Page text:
A place for women

The 20th century saw female artists prosper in Osaka

by Matthew Larking

Seian Shima’s “Untitled” (1918), in “Women Artists in Osaka” at the Osaka City Museum of Modern Art till Dec. 7, is a remarkable work. A self-portrait — uncommon in Japanese painting generally — it conforms to no ideal form of beauty, unlike images done in the bijinga (beautiful woman pictures) genre. Then there is the mystery of the imaginary blue nevus around the right eye.

Such birthmarks were held to fade with the passing of years, and are associated with the newborn — the unformed. This is a painting in progress, as is the artist’s development, and as is reflected in the unfinished picture of grass and leaves within the picture. Shima had not yet achieved real maturity, not surprising for a painter whose work was selected for the 1912 Bunten (Ministry of Education Exhibition) when she was only 19. By 1920, though, Shima (1892-1970) accepted an arranged marriage and the desire to paint such provocative work ceased, as did her imprint on art history.

Osaka art and artists have not figured prominently in modern Japanese histories, and were passed over altogether in the influential books of the Japanese art canon by Meiji Era scholar Tenshin Okakura (1862-1913). Art historian Nobuo Nakatani believes that Osaka art circles’ fondness for Chinese inspired art was at odds with the 20th-century drive to Westernization. He also thinks that the collapse of Osaka’s economy following the destruction of the city in World War II caused collectors to stop buying Osaka paintings.

The city, however, was briefly part of a triumvirate with the conventional artistic center pairing of Tokyo and Kyoto when, in the 1912 Bunten exhibition, it was noticed that among the female painters there were “three ‘en’s’ of three cities”: Seien Shima of Osaka, Shoen Uemura (1875-1949) of Kyoto and Shoen Ikeda (1886-1917) of Tokyo. Buttressed by the general flourishing of women artists in the 18th and 19th centuries, the elder Uemura had paved the way for female bijinga painters, establishing her reputation between 1890 and 1910.

Shima’s success was held up as a model to be emulated by young and wealthy women of Osaka and lent tacit support by the Meiji government’s concept of ryosai kenbo (good wife, wise mother). Nihonga (Japanese painting) and not Western oil painting, which was associated with masculinity, was promoted as contributing to the “grace and nobility of a girl’s upper-class family” and encouraging their hearts to be “naturally pure and beautiful.” With the increasingly democratic impulses in Taisho Era (1912-26) society, upper-class pursuits trickled down to the well-off middle classes, and by 1916 there were a reported 600 female artists in Osaka alone — the majority making circumscribed bijinga that portrayed women’s domesticity.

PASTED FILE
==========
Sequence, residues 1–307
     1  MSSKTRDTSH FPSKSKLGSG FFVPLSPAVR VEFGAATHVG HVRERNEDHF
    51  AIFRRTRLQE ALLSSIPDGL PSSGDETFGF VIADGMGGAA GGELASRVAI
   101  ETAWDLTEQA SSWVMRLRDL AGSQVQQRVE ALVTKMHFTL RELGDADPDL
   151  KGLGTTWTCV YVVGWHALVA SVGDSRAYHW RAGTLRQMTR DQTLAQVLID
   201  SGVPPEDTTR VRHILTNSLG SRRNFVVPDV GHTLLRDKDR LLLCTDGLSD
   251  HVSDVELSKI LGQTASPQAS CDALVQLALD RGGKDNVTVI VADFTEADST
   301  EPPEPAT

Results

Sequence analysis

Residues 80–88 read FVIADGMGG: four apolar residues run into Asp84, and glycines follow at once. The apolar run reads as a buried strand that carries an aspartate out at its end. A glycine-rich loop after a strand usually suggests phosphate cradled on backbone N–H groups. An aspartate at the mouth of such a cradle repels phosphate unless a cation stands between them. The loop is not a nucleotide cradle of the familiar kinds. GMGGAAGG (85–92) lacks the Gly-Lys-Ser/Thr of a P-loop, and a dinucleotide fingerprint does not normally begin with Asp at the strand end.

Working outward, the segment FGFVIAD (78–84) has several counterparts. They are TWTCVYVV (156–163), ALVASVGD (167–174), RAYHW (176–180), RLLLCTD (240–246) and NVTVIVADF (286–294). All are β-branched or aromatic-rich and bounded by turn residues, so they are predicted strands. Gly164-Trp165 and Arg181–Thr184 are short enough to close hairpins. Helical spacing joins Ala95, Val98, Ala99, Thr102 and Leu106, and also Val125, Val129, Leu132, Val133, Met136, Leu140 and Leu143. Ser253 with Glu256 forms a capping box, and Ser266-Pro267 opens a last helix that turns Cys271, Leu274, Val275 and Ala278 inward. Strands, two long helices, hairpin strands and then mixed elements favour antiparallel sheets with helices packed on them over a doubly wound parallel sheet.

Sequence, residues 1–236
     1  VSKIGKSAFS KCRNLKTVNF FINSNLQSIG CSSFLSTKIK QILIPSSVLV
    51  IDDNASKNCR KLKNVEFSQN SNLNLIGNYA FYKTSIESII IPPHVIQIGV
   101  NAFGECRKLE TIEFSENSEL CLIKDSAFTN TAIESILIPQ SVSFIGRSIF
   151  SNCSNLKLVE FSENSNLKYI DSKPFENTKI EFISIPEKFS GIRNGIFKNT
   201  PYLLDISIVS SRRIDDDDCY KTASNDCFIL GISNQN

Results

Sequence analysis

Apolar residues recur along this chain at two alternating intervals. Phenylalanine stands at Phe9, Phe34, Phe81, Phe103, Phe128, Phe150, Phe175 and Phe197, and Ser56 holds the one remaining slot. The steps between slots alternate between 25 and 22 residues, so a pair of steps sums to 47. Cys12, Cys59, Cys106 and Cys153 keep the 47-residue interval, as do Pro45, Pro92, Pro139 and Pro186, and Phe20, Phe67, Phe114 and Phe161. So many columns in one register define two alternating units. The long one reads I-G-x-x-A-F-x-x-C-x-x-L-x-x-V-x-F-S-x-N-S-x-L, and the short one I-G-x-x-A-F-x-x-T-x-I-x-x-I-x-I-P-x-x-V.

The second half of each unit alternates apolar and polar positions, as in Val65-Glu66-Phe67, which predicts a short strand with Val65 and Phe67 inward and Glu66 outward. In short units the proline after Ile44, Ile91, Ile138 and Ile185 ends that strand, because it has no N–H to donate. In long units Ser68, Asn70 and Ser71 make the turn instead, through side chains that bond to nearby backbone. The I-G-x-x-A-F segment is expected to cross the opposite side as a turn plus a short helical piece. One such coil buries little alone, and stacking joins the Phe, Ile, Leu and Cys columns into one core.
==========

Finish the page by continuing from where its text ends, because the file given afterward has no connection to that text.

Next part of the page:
Teaching girls from well-to-do families how to paint was good business. Chigusa Kitani spent two years in Seattle as a girl studying oil painting before studying under Shoen Ikeda in Tokyo and then the male bijinga painter Tsunetomi Kitano (1880-1947) in Osaka. After debuting at the 1915 Bunten, she married and established Yachigusakai, a private art school for women. It was preferable for daughters to be sent to study with such female teachers, as Uemura’s example instructively proves. In 1902, the unmarried painter had created a scandal by giving birth to a son believed to be fathered by her teacher, Shonen Suzuki (1849-1918).

The sheer number of women artists ultimately occasioned a backlash. The famed literati painter Shohin Noguchi (1847-1917), the first woman to be appointed Artist for the Imperial Household, complained in 1914 that painting was merely “the fashionable thing to do.” Uemura followed suit in 1920, criticizing young women painters for blindly following the bijinga genre as if it were the only one that could accommodate women.

Uemura’s conservative beauties, however, were the prewar standard. It would take a postwar society to break the mold altogether.

This took place with Gutai, a Japanese contender for the first art group to stage “happenings.” Established in the Osaka-Kobe region in 1954, Gutai, included 13 women among its 59 members. Of these, Atsuko Tanaka (1932-2005) was the only one to participate in the group’s performances. Tanaka became revered for much more distinctive personal work, such as her infamous “Electric Dress” (1956), a costume of wires and colored light bulbs that when donned by the artist resembled a Christmas tree. Her abstract paintings, such as “66B” (1966), make a strong case for the artist being less reliant on Gutai affiliation — which she left in ’65 — for her status and more of an independent figure in her own right.

“Women Artists in Osaka: 20th Century Art from Japanese-style Bijinga Paintings to the Postwar Avant-Garde” is showing till Dec. 7 at the Osaka City Museum of Modern Art, Shinsaibashi Temporary Exhibition Space (on Oct. 29 exhibited works will be rotated); admission ¥500; open 11 a.m.-7 p.m. (closed Wed.). For more information call (06) 6615-0654 or visit